Until we meet again, I’m wishing you a cheeky and healthy IBD healing journey.

Chat soon!

Thank you so much for joining me today and for listening to today’s episode. When it comes to IBD, I know there’s a lot of resources out there, and I’m truly honored that you chose the Cheeky Podcast to get your IBD information today. If you found this information helpful, please give us a rating and review. It helps other moms find the podcast and see what we’re doing over here to help IBD moms everywhere. And if you feel called feel a call to do it, share this podcast with an IBD mom who you know could really use an uplifting message today, ’cause that’s what we’re all about over here at the Cheeky Podcast.

[20:24] One last thing, if you’re still with me, and if you are, you’re definitely my kind of gal. We have to get to know each other better. If you’re tired of living on the hamster wheel of IBD with all the ups and downs between flares and remission, if you’re struggling to get control of your abdominal pain, gas, bloating, diarrhea and other troubling IBD symptoms, go to my website. It’s karynhaley.com, and my mom had to be just a little bit different, she spelled my name with the Y. So it’s K-A-R-Y-N H-A-L-E-Y.com and schedule your very own free 30-minute IBD root cause trouble-shooting session with me where we discuss the challenges you’ve been having, we set goals to help you move forward, and we talk about how we can work together to help you get your life back. It’s a power packed 30 minutes. You don’t have to live in IBD status quo. There’s so much that can be done to transform your life so you can thrive in motherhood and thrive with IBD. I’ve seen my clients walk this path and it gives me so much joy to take that journey with them.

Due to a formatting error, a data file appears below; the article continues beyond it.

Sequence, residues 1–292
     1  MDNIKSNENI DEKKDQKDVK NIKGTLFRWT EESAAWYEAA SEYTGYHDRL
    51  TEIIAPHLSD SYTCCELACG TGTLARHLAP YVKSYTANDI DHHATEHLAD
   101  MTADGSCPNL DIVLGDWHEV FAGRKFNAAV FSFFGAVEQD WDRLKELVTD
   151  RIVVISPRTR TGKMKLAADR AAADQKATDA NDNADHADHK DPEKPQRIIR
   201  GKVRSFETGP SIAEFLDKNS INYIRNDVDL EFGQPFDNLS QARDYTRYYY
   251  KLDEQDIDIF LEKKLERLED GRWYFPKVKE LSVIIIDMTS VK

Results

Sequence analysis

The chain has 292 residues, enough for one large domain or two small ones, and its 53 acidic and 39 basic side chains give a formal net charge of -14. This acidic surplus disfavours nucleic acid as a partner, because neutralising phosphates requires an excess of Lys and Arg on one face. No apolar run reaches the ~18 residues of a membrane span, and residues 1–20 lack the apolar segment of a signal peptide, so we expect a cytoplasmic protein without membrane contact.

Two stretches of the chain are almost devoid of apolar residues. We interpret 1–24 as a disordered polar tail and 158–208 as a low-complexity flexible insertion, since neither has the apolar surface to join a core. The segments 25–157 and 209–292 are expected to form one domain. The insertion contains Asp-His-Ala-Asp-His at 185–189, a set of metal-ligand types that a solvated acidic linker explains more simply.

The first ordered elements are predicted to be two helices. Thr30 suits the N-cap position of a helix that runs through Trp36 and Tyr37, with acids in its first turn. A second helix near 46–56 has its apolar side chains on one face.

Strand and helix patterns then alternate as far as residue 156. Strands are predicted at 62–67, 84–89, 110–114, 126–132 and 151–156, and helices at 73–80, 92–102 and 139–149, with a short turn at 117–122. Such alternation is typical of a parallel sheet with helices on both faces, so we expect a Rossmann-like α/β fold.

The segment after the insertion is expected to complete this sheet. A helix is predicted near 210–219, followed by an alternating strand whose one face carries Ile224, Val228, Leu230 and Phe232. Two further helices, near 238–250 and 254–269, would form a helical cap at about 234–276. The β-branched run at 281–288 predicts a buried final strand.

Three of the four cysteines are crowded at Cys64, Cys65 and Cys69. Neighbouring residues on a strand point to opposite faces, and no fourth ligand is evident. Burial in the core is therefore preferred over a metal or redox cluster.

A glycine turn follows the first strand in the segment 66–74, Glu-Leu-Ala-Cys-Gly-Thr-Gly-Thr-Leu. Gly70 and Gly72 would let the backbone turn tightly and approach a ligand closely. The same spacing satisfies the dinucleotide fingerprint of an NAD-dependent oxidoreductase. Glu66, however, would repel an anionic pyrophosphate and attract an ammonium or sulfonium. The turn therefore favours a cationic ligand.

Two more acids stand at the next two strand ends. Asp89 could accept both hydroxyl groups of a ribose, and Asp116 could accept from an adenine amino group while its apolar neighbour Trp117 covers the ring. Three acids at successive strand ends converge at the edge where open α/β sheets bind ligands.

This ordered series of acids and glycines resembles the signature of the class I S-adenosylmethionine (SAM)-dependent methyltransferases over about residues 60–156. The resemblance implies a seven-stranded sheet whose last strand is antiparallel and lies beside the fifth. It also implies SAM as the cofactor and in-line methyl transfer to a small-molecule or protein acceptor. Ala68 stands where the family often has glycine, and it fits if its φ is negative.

My entire coaching practice is run online, so you never have to leave your house and you never have to get out of your jammy or yoga pants for us to work together. You know I’m wearing them to. If you’re ready to take your first amazing step towards healing, I’m ready to chat with you. Schedule your free 30-minute IBD root cause trouble shooting sesh today at karynhaley.com. Click on the work with me tab and I’ll see you soon. It’s important to note that the information in this podcast and in this episode is for general information purposes only and not intended to be a substitute for professional medical advice. The statements made in the Cheeky Podcast for moms with IBD, either by me or my guests, is not intended to diagnose, treat, to cure, or prevent any disease. Before implementing any new treatment protocols, do yourself a favor and consult your physician first.

Thank you so much for listening, for being here, for saving this space for us to spend some time together. Until we chat again, I’m wishing you a cheeky and healthy IBD journey.

These statements have not been evaluated by the Food and Drug Administration.
This podcast, video, and blog post is not intended to diagnose, treat, cure, or prevent any disease.